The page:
The summit was not without controversy because it was not intergovernmental and it was seen to be just another ‘gigantic jamboree’ resulting in some high-profile non-government organizations (NGOs) pulling out of the proceedings. Nevertheless 9,000 people attended. But aid worker wellbeing was only a minute part of the two-day summit; the issue was presented in only two (out of the 112) ‘side events’ – one by RedR UK and the other by Humanitarian Outcomes. In the UN secretary-general’s report, Outcomes of the World Humanitarian Summit (23 August 2016; A/71/353) there was no mention of aid worker wellbeing programs, initiatives, or codes – nothing. And no future summits have yet been announced.

The failure of the issue of aid worker wellbeing to gain prominence globally means that aid workers still have challenges in amplifying the message. Global campaigns, petitions, and galvanizing advocates for change are still critical avenues to explore.

Martina NicollsWhat can individual aid workers and organizations do? Few organizations have the finance to support wellbeing initiatives, nor creative low-cost strategies to prevent workplace stress. Few organizations consider the health of their own permanent staff, let alone independent aid workers who work on short term assignments. Aid workers are generally concerned about being stigmatized as weak, and are concerned about termination, under-employment, or unemployment. Seeking help and initiating discussions on health and wellbeing, particularly issues such as burn-out and psychological stress, needs to be destigmatized. Talking about issues and strategies for decompression and de-stressing are valid and should be encouraged within organizations and aid agencies.

Importantly, discussions about wellbeing need to separate the issues of major incidents of violence, such as killings, kidnappings, and armed attacks, with ongoing duty of care and wellbeing that enable aid workers to work effectively by reducing stress and promoting work-life balance and fair work contracts. Aid workers employed in aid agencies can advocate to ensure that the agency or organization establishes policies and guidelines that are endorsed and supported by senior management, using the existing guidelines and standards, particularly focusing on mental health and safety issues. Aid workers have the right to expect an enacted duty of care; a readiness program before going to conflict or hardship zones; safety and security procedures in place throughout all assignments – to the level of any anticipated threats; follow-up post-assignment debriefs; psychological support; and other organizational support mechanisms to reduce workloads, stress, mood fluctuations, depression, and other symptoms detrimental to wellbeing.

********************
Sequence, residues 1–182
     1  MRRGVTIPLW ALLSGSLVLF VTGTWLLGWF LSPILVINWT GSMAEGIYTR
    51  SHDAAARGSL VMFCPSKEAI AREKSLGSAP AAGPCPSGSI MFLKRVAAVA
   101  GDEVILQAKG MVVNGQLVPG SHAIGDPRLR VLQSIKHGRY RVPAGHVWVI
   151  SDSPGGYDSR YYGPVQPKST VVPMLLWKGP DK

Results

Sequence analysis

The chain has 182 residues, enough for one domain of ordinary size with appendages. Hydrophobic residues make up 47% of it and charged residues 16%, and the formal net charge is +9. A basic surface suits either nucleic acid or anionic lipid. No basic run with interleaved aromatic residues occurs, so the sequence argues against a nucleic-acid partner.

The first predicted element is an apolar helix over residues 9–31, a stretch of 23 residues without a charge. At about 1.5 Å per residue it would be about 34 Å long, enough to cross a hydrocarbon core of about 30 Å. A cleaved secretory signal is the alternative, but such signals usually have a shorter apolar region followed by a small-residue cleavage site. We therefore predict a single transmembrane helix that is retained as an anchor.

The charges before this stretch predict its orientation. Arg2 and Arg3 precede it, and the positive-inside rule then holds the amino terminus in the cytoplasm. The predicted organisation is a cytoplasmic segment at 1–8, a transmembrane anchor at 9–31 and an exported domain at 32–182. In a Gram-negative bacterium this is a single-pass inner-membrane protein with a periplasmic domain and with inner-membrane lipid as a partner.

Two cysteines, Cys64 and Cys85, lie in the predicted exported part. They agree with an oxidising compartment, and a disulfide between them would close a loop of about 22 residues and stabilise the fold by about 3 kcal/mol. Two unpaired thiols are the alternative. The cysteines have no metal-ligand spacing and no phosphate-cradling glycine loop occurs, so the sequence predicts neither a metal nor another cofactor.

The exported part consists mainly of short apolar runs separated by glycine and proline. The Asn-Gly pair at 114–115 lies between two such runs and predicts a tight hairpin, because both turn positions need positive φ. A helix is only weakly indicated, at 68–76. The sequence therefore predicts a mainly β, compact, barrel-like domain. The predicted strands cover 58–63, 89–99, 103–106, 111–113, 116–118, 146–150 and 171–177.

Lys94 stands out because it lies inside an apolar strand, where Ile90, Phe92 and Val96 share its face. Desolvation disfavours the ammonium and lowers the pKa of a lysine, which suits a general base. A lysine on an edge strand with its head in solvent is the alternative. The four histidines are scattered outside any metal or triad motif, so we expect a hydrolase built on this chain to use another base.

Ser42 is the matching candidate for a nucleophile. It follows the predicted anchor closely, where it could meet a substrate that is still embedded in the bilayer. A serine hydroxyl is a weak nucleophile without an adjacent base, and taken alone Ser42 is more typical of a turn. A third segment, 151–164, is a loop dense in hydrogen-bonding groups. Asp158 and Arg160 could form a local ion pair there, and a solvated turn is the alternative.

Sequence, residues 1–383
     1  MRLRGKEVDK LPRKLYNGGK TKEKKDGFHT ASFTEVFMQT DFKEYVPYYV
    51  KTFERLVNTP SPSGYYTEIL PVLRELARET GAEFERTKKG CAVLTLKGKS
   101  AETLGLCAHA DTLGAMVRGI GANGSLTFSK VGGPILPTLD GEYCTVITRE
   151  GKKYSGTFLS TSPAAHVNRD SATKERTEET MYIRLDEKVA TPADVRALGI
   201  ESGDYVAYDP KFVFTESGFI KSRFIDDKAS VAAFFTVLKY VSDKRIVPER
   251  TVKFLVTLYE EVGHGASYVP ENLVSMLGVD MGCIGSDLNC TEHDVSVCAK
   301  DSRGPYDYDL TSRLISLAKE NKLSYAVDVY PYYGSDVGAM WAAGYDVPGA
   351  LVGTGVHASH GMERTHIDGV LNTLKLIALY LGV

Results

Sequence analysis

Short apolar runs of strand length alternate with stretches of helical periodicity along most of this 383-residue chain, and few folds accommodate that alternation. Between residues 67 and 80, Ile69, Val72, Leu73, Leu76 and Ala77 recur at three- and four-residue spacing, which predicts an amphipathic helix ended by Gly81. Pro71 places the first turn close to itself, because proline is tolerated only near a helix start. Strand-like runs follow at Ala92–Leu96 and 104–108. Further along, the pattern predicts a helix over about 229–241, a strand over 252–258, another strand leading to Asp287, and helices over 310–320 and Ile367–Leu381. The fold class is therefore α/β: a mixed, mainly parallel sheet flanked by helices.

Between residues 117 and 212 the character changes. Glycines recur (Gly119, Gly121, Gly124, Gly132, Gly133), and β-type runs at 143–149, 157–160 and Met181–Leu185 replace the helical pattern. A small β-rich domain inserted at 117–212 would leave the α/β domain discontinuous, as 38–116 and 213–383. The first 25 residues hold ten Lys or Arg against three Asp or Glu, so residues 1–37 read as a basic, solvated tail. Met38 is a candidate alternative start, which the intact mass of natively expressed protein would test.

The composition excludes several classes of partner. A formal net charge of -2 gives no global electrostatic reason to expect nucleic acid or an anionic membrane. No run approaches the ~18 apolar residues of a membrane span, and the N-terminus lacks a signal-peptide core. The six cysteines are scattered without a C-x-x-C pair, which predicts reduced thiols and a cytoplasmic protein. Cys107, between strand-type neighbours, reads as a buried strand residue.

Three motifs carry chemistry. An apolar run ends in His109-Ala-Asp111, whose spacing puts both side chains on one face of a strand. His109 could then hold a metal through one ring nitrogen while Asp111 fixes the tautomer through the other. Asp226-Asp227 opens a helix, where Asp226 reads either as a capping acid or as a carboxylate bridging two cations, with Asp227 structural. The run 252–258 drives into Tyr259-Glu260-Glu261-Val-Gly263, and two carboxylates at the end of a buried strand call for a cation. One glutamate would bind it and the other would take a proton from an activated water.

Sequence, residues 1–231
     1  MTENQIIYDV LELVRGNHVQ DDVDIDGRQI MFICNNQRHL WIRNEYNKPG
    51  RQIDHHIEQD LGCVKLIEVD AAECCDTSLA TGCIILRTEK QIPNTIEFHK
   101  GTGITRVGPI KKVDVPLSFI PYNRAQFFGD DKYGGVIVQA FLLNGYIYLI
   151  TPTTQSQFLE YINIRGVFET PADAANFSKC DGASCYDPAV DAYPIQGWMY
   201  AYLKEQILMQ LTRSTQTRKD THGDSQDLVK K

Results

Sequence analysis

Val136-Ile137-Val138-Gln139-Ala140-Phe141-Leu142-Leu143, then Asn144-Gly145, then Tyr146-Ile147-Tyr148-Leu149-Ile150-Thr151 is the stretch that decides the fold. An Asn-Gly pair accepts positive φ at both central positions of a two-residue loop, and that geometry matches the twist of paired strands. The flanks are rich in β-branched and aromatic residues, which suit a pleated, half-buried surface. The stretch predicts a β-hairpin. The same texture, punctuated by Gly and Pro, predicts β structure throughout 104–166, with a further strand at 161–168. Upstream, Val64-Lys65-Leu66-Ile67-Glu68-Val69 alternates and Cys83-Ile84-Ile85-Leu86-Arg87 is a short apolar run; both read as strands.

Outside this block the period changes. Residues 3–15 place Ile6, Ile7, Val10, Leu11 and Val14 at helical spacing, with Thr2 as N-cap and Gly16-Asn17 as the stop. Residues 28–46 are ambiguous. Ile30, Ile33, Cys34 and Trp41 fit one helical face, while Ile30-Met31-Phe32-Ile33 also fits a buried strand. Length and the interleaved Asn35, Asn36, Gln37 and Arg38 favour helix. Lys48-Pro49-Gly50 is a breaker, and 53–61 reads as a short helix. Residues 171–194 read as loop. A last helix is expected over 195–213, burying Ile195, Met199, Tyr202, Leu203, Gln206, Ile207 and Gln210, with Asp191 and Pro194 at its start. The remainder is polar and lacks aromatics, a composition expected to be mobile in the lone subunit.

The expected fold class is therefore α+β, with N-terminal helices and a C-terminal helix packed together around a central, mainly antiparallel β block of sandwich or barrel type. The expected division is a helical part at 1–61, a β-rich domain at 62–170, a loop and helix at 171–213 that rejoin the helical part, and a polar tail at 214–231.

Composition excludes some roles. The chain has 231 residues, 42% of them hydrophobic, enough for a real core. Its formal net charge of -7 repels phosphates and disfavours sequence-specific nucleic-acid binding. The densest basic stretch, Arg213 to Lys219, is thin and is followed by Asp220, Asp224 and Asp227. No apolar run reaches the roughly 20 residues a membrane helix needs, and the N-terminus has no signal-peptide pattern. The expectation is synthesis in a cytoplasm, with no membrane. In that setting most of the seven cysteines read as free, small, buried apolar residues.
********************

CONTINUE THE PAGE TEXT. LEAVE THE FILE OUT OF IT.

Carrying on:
Open, honest and ongoing dialogue concerning risks to wellbeing should occur at the organizational level – individually, through a buddy-system, or in small groups. Individuals also need their own support mechanisms – partners, family, friends, online and telephone help-desks, and associates – as well as de-stressing activities, such as hiking, exercise, reading, movies, or lunch with friends.

Until the issue of aid worker wellbeing diverts from the current views of stoicism in adversity and strength in silence, there is a critical ongoing need for dialogue at all levels at all times. Conversations about health and wellbeing need to begin in your own organizations and communities, and as an agenda item in virtually every conference, seminar, and workshop that every aid worker attends. To help others effectively, you must have your own wellbeing as a top priority – and aid agencies and organizations must prioritize and support the wellbeing of people they hire to help others.

Martina NicollsMartina Nicolls is a Georgia-based Australian writer, peace activist, environmentalist, science communicator, and independent international consultant in evaluations, education, health, human rights, stabilisation, and peace building. She works primarily in post-conflict countries and in countries with transitional governments, such as Somalia and Afghanistan. She is the author of books on Mongolia, Liberia, Kashmir, and South Sudan.